“Made a fool of.” From empaizō (#1702 ἐμπαίζω), “To trick someone so as to make a fool of the person” (BDAG, cp Lenski). It was more than just being “tricked” by the magi. Herod reigned by fear and control, so having someone disobey a direct command, from his perspective, was to make a mockery of his reign. He would have expected the magi back the next day, two at the most. He felt they made a fool of him by slipping away, and was furious.
“he killed all the male children…in Bethlehem and all its surrounding region, from two years old and under.” Killing potential rivals was standard operating procedure for Herod. King Herod the Great was so afraid of anyone taking his throne that he even had one of his wives and three of his sons executed because he was suspicious of them. The Bible does not say how many children in Bethlehem were killed, and it is very likely that because the killing was in Bethlehem “and all its surrounding region” that no one kept count. However, the “surrounding region” could not have been very large—perhaps only a few miles—because Zechariah and Elizabeth lived in the hill country of Judah and there is no evidence that John, who was only six months older than Jesus was in danger (although he could have been older than two by the time the magi arrived, likely 18 months to 2 years after Jesus was born). In any case, demographic studies of the city of Bethlehem and the surrounding region done by scholars has led to the conclusion that almost certainly less than two dozen children were murdered, and perhaps only half that many. Although this was certainly a tragedy, Herod’s reign was so filled with violent acts including murder and death that this particular killing is not even noticed in any secular writing of the time or in Josephus. The palace-fortress of Herodium was just east of Bethlehem and was clearly visible from there, and it is likely that soldiers were dispatched from the Herodium to kill the babies.
The fact that Herod’s murder of the children is not mentioned in secular writings of the time has caused some historians to say the record is a myth and that it never really happened. Many of them say it was just an invention by Matthew to build a parallel story of Pharaoh’s killing of the male babies in Egypt (Exod. 1:15-22) into the biblical account of the birth of Jesus. However, that argument is pure speculation; there is no good reason to reject what Matthew wrote.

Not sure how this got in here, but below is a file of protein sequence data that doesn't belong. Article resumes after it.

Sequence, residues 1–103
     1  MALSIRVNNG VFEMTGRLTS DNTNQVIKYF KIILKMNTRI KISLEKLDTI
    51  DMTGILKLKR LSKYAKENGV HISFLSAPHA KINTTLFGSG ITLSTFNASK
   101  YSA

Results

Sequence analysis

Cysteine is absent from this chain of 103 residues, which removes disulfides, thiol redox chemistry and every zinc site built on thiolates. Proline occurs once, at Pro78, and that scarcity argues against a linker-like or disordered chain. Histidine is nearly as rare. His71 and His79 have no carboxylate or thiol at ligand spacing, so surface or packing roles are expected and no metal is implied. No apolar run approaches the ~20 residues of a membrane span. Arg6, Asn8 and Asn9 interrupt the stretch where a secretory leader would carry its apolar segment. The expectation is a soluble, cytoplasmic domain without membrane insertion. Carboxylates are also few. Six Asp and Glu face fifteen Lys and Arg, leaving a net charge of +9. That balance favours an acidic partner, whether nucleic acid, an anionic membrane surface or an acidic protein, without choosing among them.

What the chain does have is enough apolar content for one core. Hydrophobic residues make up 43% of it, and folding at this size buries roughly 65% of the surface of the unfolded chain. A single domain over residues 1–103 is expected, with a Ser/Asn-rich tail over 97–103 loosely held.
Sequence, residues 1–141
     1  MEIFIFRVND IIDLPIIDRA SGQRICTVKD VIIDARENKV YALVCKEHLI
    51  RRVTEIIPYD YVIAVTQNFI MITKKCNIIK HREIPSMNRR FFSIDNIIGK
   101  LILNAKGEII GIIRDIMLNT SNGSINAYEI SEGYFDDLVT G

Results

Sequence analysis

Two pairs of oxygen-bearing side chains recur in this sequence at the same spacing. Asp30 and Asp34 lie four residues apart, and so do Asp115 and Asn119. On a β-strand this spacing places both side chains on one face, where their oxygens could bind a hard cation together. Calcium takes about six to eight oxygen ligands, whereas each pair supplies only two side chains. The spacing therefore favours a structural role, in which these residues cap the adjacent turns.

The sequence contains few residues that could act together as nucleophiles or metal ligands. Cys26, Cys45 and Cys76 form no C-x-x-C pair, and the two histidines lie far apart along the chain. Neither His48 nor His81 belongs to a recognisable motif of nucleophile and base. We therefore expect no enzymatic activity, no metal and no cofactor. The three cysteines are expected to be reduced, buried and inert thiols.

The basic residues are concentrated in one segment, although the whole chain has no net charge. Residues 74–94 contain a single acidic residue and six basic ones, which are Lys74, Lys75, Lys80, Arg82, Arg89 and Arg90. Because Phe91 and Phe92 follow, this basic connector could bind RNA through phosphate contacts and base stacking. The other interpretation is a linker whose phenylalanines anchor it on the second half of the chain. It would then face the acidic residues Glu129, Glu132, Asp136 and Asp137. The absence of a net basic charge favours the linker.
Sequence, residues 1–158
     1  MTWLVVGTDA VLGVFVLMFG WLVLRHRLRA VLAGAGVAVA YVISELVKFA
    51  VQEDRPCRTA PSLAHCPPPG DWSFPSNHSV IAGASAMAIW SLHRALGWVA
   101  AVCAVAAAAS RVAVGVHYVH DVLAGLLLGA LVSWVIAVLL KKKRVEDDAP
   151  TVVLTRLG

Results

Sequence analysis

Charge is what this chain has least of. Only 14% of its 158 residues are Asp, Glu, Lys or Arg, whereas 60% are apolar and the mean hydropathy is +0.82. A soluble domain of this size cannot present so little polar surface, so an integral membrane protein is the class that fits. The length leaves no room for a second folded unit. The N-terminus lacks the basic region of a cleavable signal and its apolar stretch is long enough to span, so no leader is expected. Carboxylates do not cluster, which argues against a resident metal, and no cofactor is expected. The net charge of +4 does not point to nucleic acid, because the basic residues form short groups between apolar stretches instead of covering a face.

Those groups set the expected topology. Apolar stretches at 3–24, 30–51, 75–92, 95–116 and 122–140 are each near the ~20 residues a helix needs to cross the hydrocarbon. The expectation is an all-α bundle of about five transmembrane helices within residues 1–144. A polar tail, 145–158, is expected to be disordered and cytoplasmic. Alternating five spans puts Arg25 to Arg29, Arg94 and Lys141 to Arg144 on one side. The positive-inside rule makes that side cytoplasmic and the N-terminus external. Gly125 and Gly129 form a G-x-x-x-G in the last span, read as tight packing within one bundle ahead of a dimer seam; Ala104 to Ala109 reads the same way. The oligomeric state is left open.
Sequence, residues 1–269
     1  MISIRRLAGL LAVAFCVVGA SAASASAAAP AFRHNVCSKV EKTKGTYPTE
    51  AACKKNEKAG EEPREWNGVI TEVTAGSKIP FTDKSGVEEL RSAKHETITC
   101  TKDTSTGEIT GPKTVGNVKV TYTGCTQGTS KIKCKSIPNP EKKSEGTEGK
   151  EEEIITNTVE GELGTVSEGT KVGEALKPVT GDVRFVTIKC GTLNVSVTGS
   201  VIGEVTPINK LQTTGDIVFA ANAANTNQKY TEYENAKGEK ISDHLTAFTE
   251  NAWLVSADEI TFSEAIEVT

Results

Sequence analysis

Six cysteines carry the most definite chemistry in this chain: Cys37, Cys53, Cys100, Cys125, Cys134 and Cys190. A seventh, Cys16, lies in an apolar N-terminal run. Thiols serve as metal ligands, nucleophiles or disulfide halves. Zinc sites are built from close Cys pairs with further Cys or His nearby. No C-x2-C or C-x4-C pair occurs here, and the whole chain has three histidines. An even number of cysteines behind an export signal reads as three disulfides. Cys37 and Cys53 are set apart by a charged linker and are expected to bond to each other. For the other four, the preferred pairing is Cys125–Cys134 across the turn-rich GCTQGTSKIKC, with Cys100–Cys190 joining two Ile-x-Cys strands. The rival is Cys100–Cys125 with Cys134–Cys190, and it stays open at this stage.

Many things in the Bible are not recorded in secular history, and Herod’s known character fits with him killing anyone he thought was a rival. Josephus does not mention the killing, but there could be many reasons for that, including that the details of the event were not well known. Furthermore, although there are a few parallels—a very few—between Herod and Pharaoh, there is also such a large number of differences that the average reader never even sees any parallel between Pharaoh and Herod. If Matthew concocted the story of Herod killing the children around Bethlehem to draw a parallel to the story of Pharaoh ordering the death of the male babies of Israel, it seems he would have made the parallels easier to see. Furthermore, if Matthew invented the story of the killing of the babies, it would have defeated his purpose of writing an account of the life of Jesus that was designed to get people to know about Jesus and accept him as Messiah. When Matthew wrote it could still be confirmed or rejected that Herod killed the babies; some of the siblings and most likely even some of the parents of those babies would still have been alive. If word got around that Matthew fabricated what is certainly a major event in his gospel record, then many people would doubt the entire account Matthew had written. But, on the other hand, if what Matthew wrote could be confirmed by people who lived through the events that Matthew recorded in his gospel, then what Matthew wrote would indeed get people to believe, which is exactly what has happened through the millennia; people read the Gospel of Matthew and believe that Jesus is the Messiah and that he died for their sins.
[For more on Herod’s character and ruthless ways, see commentary on Matt. 2:3, “deeply disturbed”].